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CHMB31H3 (8)
Chapter 4

CHMB31 Chapter 4

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Alen Hadzovic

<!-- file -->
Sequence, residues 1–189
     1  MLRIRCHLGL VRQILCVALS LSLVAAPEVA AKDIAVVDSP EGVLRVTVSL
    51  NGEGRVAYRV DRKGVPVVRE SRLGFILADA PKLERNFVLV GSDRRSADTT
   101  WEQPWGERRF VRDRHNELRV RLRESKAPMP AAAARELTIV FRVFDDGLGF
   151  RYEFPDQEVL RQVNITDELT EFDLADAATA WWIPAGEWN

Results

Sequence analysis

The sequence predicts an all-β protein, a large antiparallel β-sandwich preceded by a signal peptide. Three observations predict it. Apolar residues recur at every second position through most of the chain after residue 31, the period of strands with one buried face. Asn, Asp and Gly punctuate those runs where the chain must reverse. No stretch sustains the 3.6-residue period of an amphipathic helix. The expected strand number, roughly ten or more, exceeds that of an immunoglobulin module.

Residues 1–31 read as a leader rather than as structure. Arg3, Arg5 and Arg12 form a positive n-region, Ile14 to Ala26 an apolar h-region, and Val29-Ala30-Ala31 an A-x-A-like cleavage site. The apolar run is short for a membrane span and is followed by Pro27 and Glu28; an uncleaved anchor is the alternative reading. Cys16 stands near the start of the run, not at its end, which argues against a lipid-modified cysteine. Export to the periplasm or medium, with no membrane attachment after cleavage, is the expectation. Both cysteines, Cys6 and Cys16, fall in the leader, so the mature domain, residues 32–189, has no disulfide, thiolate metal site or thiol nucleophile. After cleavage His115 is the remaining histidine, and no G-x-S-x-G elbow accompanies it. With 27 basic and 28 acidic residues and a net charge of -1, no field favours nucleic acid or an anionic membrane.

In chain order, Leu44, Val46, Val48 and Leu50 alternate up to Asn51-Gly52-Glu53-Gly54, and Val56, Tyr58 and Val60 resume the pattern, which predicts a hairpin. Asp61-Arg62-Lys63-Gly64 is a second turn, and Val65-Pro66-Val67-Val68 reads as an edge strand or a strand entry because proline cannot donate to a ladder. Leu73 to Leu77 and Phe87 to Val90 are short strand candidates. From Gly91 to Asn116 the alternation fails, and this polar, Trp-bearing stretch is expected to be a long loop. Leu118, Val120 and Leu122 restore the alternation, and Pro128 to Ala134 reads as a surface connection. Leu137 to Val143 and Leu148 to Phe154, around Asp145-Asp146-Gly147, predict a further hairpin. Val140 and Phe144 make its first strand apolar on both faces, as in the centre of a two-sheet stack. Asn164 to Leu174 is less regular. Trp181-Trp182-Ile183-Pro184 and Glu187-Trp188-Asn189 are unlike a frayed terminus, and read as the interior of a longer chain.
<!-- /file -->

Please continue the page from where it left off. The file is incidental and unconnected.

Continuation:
Chapter 4: Acids and Bases Bronsted Acidity • Bronsted Acid: a proton donor. • Bronsted Base: a proton acceptor. • A proton has no separate existence in chemistry and it is always associated with other species. • A simple representation of a hydrogen ion in water is as the hydronium ion, H O . + 3 • Amphiprotic: a substance that can act as both a Bronsted acid and a Bronsted base like water. • When a species donates a proton, it becomes the conjugate base; when a species gains a proton, it becomes the conjugate acid. • Conjugate acids and bases are in equilibrium in solution. • The strength of a Bronsted acid is measured by its acidity constant and the strength of a Bronsted base is measured by its basicity constant; the stronger the base, the weaker is its conjugate acid. o Acidity Constant (K a: K a [H ][A ]/[HA] + - o Basicity Constant (K b: K b [HB ][OH ]/[B] + - -14 o Autoprotolysis Constant (K )w K =w[H ][OH ] = 1.00 x 10 o Kw= K Ka b o pKa= -logK a o pKa+ pK =bpK w • An acid or base is classified as either weak or strong depending on the size of its acidity constant. o Strong Acid: if the proton transfer equilibrium lies strongly in favor of donation of a proton to the solvent (pK a 0, K >a1). o Weak Acid: proton transfer equilibrium lies in favor of nonionized acid (pK > 0 a and K < 1). a o Strong Base: reacts with water to become almost fully protonated. o Weak Base: only partially protonated in water. o The conjugate base of any strong acid is a weak base because it is thermodynamically unfavorable for such a base to accept a proton. • A polyprotic acid loses protons in succession and successive deprotonations are progressively less favorable; a distribution diagram summarizes how the fraction of each species present depends on the pH of the solution. o Ka1= [H ][A ]/[H 2] o Ka2= [H ][A ]/[HA ]- o Because additional electrostatic work must be done to remove the positively charged proton, the deprotonation is less favorable (K < K ). a2 a1 • Proton affinity is the negative of the gas phase proton-gain enthalpy. o Proton-Gain Enthalpy (ΔH ᶿ)pgthe standard enthalpy of the reaction. o Proton Affinity (A ): the negative of the proton-gain enthalpy. p o If the proton gain enthalpy is only slightly negative, then the proton affinity is low, indicating a weaker basic character. • Proton affinities of p-block conjugate bases decrease to the right along a period and down a group. o HF is a stronger acid than H O a2d HI is the strongest acid of the hydrogen halides. - - - o The order of proton affinities of their conjugate bases is I < OH < F . o The gas-phase acidity of HA increases across a period as the electron affinity of A increases. • Solution proton affinities for binary acids are lower than gas phase proton affinities. o Effective Proton Affinity (A’ p: the negative of the accompanying proton-gain enthalpy o Reaction is exothermic if the effective proton affinity of A (aq) is lower than that of H O2and provided entropy changes are negligible and enthalpy changes are a guide to spontaneity. - o Reaction is exothermic if the effective proton affinity of A (aq) is higher than - that of OH . • Small highly charged ions are stabilized in polar solvents. 2 o Born Equation: ΔG solv = -N A ξ/8πε (0-1/ε )r where z is charge number of the ion, r is the effective radius, ε0is the vacuum permittivity and ε is rhe relative 2 permittivity and ξ = z /r. o The larger the relative permittivity, the more negative the value of ΔG ᶿ. solv • A solvent with a large autolysis constant can be used to discriminate between a wide range of acid and base strengths. o Levelling Effect: brings all stronger acids down to the acidity of H (water has this effect). o The leveling effect can be expressed in terms of the pKa of the acid and the base leveling effect can be expressed in terms of the pKb of the base. • The solvent system definition of acids and bases extends the Bronsted-Lowry definition to include species that do not participate in proton transfer. + + o An acid increases the concentration of H O or 3 ions and a base increases - the concentration of OH ions. o Solvent-System Definition: any solute that increases the concentration of the cation generated by autoionization of the solvent is defined as an acid and any that increase the concentration of the corresponding anion is defined as a base. Characteristics of Bronsted Acids • Aqua acids, hydroxoacids and oxoacids are typical of specific regions of the periodic table. o Acidic Proton: a donatable proton from an –OH group attached to a central atom. o Aqua Acid: the acidic proton is on a water molecule coordinated to a central metal ion like [Fe(OH ) ] 3+ (aq)  central atoms in low oxidation states of the s 2 6 and d-block metals and of metals on the left of the p-block. o
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